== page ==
Fast Times at Liberty Valance High; or The Reel-Life Politics of Ford’s Anti-Western

I knew where it was going. Anyone who’s done his or her western homework would.

There are two American archetypes that were sometimes played against each other in old Westerns.

The egghead Eastern lawyer who lacks the skills or stomach for a gunfight is contrasted with the tough Western rancher and ace shot who has no patience for . . . → Read More: Fast Times at Liberty Valance High; or The Reel-Life Politics of Ford’s Anti-Western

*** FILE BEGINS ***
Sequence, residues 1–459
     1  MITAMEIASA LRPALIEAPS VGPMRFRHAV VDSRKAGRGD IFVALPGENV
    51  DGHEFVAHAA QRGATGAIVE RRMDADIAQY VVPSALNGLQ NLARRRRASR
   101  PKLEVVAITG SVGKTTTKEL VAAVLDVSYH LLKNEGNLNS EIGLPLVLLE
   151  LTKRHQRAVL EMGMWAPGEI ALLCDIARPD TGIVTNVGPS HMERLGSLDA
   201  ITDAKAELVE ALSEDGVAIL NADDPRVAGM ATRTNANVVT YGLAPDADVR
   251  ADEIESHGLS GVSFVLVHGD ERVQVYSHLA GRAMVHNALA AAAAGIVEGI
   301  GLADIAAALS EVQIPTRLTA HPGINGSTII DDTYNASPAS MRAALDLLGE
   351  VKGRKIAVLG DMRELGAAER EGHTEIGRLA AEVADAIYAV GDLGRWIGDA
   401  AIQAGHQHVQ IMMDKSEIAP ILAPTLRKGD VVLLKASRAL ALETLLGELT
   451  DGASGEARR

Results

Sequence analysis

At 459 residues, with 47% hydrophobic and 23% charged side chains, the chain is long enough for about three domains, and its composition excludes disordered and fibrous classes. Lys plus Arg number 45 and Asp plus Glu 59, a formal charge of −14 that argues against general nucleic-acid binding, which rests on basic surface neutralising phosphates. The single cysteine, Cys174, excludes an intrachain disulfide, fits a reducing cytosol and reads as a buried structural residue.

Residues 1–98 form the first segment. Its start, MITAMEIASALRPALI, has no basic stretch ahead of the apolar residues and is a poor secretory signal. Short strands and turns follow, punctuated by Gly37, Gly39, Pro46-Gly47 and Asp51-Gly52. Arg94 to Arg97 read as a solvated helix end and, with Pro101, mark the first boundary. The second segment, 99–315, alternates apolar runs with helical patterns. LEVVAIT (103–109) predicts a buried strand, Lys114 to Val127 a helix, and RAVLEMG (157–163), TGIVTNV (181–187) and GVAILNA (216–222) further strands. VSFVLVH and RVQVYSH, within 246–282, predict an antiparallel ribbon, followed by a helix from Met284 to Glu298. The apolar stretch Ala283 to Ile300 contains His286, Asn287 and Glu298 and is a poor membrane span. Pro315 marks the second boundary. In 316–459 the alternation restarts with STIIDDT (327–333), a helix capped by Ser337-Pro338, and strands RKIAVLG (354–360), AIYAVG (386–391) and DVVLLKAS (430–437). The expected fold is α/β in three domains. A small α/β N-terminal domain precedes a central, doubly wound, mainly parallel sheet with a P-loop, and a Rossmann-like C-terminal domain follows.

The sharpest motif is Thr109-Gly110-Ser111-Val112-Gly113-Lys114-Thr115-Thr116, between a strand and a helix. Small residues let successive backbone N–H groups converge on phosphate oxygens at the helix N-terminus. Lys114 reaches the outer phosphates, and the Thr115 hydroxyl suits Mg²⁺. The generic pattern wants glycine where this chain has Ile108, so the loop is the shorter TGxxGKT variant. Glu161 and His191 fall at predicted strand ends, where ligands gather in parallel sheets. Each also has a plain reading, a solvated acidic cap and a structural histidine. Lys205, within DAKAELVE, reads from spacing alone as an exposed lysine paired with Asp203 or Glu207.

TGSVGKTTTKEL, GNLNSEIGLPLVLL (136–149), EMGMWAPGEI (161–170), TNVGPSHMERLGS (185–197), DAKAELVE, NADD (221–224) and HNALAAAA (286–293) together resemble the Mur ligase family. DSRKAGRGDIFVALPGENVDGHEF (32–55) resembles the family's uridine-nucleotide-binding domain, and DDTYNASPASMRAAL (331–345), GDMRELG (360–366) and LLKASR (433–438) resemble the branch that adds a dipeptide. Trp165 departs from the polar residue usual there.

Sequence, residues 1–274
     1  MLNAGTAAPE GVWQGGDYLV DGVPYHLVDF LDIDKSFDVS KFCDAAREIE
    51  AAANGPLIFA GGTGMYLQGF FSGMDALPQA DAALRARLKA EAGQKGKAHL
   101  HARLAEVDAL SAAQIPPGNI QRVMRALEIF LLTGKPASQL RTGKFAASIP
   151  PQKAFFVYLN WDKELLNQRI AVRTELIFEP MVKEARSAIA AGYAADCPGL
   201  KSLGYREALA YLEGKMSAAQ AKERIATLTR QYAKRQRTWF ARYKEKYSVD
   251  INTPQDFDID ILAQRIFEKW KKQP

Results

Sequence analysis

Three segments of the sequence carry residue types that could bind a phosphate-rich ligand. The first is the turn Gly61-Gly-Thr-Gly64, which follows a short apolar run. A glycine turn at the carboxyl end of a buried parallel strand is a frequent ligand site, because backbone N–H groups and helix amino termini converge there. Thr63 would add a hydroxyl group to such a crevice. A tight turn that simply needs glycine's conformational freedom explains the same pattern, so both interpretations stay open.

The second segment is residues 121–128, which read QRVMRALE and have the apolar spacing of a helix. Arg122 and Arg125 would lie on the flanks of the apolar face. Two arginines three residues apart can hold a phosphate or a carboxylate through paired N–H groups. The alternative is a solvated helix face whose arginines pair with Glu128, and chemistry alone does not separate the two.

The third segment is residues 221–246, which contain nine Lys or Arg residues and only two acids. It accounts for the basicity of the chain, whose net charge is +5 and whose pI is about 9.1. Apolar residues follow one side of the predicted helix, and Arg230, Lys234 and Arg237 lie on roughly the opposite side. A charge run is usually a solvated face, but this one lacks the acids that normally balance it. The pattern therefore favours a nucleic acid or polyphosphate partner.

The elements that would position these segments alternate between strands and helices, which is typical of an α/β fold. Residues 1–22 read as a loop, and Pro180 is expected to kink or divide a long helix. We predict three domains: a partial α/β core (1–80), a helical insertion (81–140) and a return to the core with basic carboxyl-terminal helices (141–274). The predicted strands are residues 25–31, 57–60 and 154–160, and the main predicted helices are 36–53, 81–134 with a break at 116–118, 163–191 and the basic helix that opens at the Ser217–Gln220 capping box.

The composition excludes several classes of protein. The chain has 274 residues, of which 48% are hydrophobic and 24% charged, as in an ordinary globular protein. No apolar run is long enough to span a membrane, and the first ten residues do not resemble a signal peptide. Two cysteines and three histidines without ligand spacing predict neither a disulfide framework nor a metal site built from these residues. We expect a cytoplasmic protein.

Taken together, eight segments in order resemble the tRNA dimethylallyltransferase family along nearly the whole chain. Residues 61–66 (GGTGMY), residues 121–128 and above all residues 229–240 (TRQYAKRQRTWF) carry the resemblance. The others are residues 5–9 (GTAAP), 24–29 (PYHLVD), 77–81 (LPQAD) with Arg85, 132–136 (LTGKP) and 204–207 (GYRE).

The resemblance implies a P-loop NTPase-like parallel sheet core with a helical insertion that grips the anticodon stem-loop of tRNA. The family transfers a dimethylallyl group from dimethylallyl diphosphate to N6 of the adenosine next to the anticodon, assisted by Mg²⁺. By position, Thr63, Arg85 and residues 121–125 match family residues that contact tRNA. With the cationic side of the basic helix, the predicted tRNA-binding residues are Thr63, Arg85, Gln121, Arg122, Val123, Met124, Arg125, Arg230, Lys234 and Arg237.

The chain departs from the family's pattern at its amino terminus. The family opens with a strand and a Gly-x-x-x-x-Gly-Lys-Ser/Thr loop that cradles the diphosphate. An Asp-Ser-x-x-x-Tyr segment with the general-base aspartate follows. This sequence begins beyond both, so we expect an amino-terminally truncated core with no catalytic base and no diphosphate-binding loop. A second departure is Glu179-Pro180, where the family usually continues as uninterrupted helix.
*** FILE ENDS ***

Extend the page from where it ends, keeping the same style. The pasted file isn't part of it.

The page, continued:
Dead Man; The Backwards Journey of the Anti-Hero

“Know thyself” is part of the DNA of westerns—it’s what compels the hero to protect society or to fight it, to escape into the sunset or marry the storekeeper’s daughter. It’s the foundation of literary conflicts as old as the hills that Gilgamesh climbed in his search for immortality.

That’s why I doff my cowboy hat (red, . . . → Read More: Dead Man; The Backwards Journey of the Anti-Hero